The term party dealignment refers to the erosion of party loyalties in an electorate. In theory, dealignment can occur in any electoral system, but the term is applied mostly to American politics. As used, here, it refers to the decrease in the percentage of American adults that identify either as Democrats or Republicans, and the corresponding increase in the percentage that identify as independents.
Party identification is an individual’s psychological attachment to one or another of the major political parties. Those who identify as Democrats or Republicans are referred to as party identifiers, while those who decline to declare themselves either Democrats or Republicans are referred to as independents. Pollsters generally use a seven-point scale to measure party identification. The American National Election Studies (ANES) asks survey respondents, “Generally speaking, do you think of yourself as a Republican, Democrat, an independent, or what?” Next, Republican or Democratic identifiers are asked whether they identify strongly or not so strongly with their party, while independents are asked whether they lean toward one party or the other. Based on responses, pollsters then place respondents along a 7-point scale (1: Strong Democrat; 2: Weak Democrat; 3: Independent Democrat; 4: Independent Independent; 5: Independent Republican 6: Weak Republican; 7: Strong Republican).
In the American electorate, dealignment occurred primarily between the 1960s and 1990s. The political scientist Marjorie R. Hershey describes the process as follows:
In the 1950s and early 1960s, many more Americans called themselves Democrats than independents or Republicans. The Democratic edge began to erode after 1964, but Republicans were not immediately able to capitalize on the Democrats’ losses. In fact, the proportion of Republican identifiers declined from 1964 through the 1970s, even when a Republican president, Richard Nixon, was elected in 1968 and reelected by a landslide in 1972. Democrats retained control of Congress, split-ticket voting was fairly common, the proportion of “pure independent” identifiers increased, and there was a steady stream of independent and third-party candidates. These changes in partisanship struck many scholars as resembling a dealignment, or decline in party loyalties. (2006, p. 133)
Party identification data indicate the trend well. The share of Americans identifying as either pure independents or independent “leaners” increased from 23 percent in 1952 to around 33 percent during the 1980s, to 40 percent in 2000, and remained nearly steady at 39 percent in 2004 (Hershey 2006, p. 325). However, further examination of the data also suggests that the share of Americans identifying as “pure” independents has decreased since the 1990s, while the share identifying as strong partisans, independent Democrats, and independent Republicans has also increased. Some political scientists argue that this indicates a renewed partisan polarization in the American electorate.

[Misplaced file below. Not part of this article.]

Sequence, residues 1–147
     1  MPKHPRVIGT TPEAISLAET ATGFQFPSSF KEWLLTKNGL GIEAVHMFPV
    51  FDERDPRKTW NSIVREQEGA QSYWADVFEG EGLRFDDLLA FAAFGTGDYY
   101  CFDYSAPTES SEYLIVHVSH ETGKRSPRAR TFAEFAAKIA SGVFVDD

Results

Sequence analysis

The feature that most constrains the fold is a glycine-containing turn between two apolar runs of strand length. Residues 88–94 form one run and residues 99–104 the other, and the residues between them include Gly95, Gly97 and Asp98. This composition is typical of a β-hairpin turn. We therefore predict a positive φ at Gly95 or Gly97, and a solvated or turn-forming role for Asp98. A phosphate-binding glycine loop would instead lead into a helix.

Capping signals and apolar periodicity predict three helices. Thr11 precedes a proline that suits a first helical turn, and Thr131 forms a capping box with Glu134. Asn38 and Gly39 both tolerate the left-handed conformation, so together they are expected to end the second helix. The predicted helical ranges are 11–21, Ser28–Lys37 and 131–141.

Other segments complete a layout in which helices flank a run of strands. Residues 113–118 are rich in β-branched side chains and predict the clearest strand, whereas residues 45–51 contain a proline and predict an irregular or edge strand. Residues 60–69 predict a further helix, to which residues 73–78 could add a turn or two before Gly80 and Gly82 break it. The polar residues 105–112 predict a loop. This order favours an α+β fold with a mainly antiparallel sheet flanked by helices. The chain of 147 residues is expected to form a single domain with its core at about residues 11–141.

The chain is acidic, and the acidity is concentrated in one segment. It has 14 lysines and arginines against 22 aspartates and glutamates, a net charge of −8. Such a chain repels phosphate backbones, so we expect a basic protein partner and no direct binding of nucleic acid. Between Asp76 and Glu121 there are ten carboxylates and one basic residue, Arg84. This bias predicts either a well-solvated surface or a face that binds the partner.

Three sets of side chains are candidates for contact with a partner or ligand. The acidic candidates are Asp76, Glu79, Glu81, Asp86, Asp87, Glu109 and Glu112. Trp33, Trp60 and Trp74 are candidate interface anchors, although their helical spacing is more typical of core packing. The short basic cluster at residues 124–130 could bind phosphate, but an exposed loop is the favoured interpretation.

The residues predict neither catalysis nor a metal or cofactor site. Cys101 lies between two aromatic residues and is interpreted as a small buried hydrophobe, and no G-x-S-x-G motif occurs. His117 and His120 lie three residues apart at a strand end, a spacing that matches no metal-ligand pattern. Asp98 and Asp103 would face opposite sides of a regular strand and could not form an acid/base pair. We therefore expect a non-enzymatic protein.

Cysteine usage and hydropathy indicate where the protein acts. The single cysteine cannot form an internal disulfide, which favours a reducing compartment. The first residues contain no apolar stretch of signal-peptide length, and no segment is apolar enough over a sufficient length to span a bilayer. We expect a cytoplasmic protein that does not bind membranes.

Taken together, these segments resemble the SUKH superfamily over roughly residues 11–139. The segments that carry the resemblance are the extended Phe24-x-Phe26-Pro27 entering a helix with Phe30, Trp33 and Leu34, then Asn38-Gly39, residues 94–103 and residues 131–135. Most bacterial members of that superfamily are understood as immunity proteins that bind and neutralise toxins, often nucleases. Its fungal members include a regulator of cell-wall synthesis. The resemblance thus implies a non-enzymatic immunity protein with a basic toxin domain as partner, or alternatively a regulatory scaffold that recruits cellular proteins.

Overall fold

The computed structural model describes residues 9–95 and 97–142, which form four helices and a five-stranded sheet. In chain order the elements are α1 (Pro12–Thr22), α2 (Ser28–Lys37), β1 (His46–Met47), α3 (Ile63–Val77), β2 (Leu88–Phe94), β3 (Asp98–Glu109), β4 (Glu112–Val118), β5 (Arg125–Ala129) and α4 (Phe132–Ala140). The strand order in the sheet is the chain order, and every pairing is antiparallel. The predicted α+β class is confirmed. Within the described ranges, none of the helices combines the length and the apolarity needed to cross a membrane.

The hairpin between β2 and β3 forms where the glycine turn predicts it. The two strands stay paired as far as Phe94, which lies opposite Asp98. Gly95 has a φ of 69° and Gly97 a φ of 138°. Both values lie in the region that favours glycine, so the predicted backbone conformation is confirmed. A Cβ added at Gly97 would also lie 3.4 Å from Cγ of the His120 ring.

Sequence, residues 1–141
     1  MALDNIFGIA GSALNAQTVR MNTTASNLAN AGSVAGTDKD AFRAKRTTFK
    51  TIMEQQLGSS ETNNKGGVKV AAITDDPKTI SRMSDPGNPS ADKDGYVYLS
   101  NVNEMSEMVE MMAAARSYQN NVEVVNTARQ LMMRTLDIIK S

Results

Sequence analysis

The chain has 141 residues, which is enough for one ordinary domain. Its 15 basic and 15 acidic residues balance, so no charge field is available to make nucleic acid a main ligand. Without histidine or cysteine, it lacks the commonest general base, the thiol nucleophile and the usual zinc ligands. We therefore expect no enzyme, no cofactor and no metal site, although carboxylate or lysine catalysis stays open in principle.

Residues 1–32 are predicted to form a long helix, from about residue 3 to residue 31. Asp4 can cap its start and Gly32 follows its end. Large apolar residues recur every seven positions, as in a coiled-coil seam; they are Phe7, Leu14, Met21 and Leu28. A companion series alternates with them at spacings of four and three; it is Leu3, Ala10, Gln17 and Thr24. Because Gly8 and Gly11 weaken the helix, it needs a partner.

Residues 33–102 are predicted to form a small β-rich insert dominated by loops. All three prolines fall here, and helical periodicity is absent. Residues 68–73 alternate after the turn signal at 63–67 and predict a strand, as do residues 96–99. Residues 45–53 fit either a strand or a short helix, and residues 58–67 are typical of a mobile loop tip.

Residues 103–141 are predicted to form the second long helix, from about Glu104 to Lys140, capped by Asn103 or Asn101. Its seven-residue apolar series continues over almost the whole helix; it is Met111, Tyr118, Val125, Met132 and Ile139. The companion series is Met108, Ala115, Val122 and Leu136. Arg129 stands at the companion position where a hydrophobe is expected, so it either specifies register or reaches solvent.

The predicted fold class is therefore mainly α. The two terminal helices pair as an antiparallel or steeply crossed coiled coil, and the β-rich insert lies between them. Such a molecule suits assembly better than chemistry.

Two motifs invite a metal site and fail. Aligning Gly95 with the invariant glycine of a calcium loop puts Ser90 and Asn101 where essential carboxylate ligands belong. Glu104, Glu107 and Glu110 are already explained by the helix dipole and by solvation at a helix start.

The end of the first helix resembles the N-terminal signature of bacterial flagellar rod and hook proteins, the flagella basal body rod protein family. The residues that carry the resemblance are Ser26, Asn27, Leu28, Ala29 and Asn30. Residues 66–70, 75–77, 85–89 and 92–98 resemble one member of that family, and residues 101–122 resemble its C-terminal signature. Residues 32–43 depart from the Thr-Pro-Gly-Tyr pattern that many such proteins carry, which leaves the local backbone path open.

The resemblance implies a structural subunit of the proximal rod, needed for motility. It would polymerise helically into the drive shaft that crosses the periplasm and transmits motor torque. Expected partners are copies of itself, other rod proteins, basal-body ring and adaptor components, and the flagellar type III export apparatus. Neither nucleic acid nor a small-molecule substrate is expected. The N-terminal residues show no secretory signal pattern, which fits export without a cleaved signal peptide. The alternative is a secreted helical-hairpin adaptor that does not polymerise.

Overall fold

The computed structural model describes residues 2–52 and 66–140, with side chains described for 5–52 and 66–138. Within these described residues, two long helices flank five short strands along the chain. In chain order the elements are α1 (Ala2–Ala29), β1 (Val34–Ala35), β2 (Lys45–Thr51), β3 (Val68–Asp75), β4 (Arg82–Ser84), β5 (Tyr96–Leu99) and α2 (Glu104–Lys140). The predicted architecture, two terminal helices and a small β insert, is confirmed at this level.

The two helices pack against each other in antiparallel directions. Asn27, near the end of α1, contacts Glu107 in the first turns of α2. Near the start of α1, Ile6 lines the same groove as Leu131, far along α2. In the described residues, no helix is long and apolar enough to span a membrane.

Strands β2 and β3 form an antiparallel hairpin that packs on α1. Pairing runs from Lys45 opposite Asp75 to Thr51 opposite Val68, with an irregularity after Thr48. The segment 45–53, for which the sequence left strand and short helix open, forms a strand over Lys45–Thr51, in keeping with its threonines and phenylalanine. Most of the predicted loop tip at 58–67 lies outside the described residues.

The consequences of dealignment include an increase in split-ticket voting (voting for different parties’ candidates for different offices) and lower voter turnout. Party identification is the single most important influence on voting, and as fewer Americans identify with a major party, straight-ticket voting (for candidates of only one party) becomes less attractive and Americans are more likely to support different parties’ candidates for different offices. Similarly, party identification simplifies voting decisions. But as more Americans identify as independents, they lose the easy voting cues that identification with a major party provides. Thus, more Americans must invest time and energy in researching and forming impressions of individual candidates, office by office. For some, the costs of this are too high, and voter turnout is likely to decline as a result.
Party dealignment is a distinct concept from realignment. While dealignment means an erosion of party loyalties, realignment refers to an enduring shift in loyalty from one major party to the other among large numbers of voters. Further, this usually occurs in large enough numbers to create a new and lasting partisan majority. Thus, the 1896 election marked a partisan realignment that created a Republican majority in American politics that lasted until 1932. That year, perceived Republican inadequacies in addressing the Great Depression forged a Democratic majority in national politics that lasted until 1968.
In 1968, controversies over race relations, the Vietnam War, and the increasing importance of cultural issues contributed to partisan dealignment. During the 1970s and 1980s, that dealignment eroded Democratic dominance, but the number of independents increased much more than the number of Republicans did. More recently, other factors, including the realignment of white southerners toward the Republican Party and the renewed focus on national security issues after the September 11, 2001, attacks, contributed to Republican gains in party identification. In 2004 the share of Americans identifying as Democrats and Republicans was identical (at 33 percent) for the first time since the advent of modern polling.
SEE ALSO Dixiecrats; Elections; New Deal, The; Party Systems, Competitive; Political Parties; Voting; Voting Patterns
American National Election Studies (ANES). Party Identification 7-Point Scale 1952-2004. Ann Arbor, MI: ANES. http://www.electionstudies.org/nesguide/toptable/tab2a_1.htm.
Campbell, Angus, Philip Converse, Warren Miller, and Donald Stokes. 1960. The American Vote. Chicago: University of Chicago Press.
Hershey, Marjorie R. 2006. Party Politics in America. 12th ed. New York: Pearson Longman.
Keefe, William J., and Marc J. Hetherington. 2003. Parties, Politics, and Public Policy in America. 9th ed. Washington, DC: CQ Press.
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